The Erftverband is an organization that includes municipalities, counties, industry and utilities, and as a public corporation it is responsible for cleaning private and industrial wastewater along the river Erft between Bonn and Düsseldorf.
The organization is also involved in ensuring flood control for residential areas. Heavy rainfall and storms create major problems here. In order to ensure optimal protection from flooding in these circumstances, the Erftverband relies on the intelligent control of retention and buffering capacities in the wastewater network. The technical components are provided by Siemens, who was also responsible for on-site implementation. The intelligent control system has been used to reduce relief discharge in the network, and to improve water quality. The pilot project also provided the basis for equipping other facilities with this cost-effective solution and controlling them in a network. The increasing sealing of land means that sewer networks are quickly overloaded in the event of heavy rain. This does not simply lead to flooding. If the sewer system is unable to manage flow rates, untreated sewage flows into rivers and lakes, damaging the environment. For example, in July 2014 in northern Germany, severe rainfall caused considerable damage. In order to prevent these issues in future and to be better equipped for this type of disaster, the Erftverband has been working for several years in the catchment area of its 35 wastewater treatment facilities to incorporate a pioneering flow control system, the first of its kind in Germany. The control technology used is based on the Siemens Water Management System (Siwa).
In the course of the project, ten rain basins along the main sewer system with a total of about 40,000 cubic meters of retention capacity were first integrated in a combined simulation model and control tool using the Siwa Sewer network control system. This smart control system calculates optimum control strategies and enables simulation of sewer conditions during operation. For flow control, the sewer network inflow is calculated every 15 minutes using online radar data and radar forecasts from the German Weather Service. This data is sent automatically to Siwa Sewer via standardized interfaces. The system calculates and adjusts the relevant control parameters in very short intervals and transmits them to the control system for the pumps and flow regulators. A fallback strategy with six levels of failure and associated measures ensures a high level of availability for the overall solution, which has been running error-free since March 2016.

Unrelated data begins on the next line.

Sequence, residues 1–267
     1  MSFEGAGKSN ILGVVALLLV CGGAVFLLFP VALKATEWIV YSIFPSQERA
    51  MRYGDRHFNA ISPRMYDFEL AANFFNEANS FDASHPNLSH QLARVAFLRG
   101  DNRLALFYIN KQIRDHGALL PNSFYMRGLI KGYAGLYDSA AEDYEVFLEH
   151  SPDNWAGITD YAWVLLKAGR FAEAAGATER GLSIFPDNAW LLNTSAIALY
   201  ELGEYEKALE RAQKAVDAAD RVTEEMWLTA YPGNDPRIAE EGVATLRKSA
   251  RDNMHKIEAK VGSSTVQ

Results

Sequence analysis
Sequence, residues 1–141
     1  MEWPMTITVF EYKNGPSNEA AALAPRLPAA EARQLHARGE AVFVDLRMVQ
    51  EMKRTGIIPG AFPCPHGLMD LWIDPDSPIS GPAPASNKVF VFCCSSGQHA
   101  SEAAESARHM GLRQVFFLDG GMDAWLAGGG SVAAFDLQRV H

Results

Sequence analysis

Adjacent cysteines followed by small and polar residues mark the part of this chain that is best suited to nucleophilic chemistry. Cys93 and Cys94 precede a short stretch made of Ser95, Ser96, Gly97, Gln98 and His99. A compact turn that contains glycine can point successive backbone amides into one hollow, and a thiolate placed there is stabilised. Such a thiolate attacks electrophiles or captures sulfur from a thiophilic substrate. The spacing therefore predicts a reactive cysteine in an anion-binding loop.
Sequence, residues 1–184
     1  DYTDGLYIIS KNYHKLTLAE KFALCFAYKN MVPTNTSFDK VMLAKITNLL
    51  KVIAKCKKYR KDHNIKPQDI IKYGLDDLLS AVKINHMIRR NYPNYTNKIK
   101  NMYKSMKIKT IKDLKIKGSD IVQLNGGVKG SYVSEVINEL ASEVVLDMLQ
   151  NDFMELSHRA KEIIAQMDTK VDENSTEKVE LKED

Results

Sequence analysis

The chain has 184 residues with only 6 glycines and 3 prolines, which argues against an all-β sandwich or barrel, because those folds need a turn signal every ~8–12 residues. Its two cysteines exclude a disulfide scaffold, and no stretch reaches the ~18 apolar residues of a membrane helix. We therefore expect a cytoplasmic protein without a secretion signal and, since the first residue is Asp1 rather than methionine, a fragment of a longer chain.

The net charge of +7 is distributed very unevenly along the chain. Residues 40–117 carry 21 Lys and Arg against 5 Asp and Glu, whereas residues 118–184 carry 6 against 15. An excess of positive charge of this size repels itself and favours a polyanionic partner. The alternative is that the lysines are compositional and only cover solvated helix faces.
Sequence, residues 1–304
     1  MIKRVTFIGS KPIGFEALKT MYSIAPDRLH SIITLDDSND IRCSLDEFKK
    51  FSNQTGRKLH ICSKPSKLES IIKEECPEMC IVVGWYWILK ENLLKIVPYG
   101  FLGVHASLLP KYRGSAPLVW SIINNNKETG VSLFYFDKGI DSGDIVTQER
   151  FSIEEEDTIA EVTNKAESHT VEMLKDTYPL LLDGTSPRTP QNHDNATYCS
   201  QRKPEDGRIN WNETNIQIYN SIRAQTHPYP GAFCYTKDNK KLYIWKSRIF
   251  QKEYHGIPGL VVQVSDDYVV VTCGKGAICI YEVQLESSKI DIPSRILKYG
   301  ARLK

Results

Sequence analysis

Water flows under control
The intelligent sewer control system has helped to improve plant operation considerably thanks to the reduced drainage times for the basins outside the treatment facility. But most importantly, there have been more than 50 recorded severe rainfall events with relief discharge in one or more basins since the new solution went live. With the control system, the relief discharge amount has been reduced by up to 85 percent per single event, while at the same time particularly sensitive bodies of water have been protected by directing the relief discharge. This success has enabled the Erftverband to add two more rain overflow basins to the control network, which means that since 2017 the system has comprised a total of twelve basins and a retention capacity of 45,000 cubic meters.
Picture: The Erftverband in northern Germany uses ingenious and pioneering flood control technology based on the Siemens Water Management System (Siwa) to provide flood protection for the region. (Image: Siemens)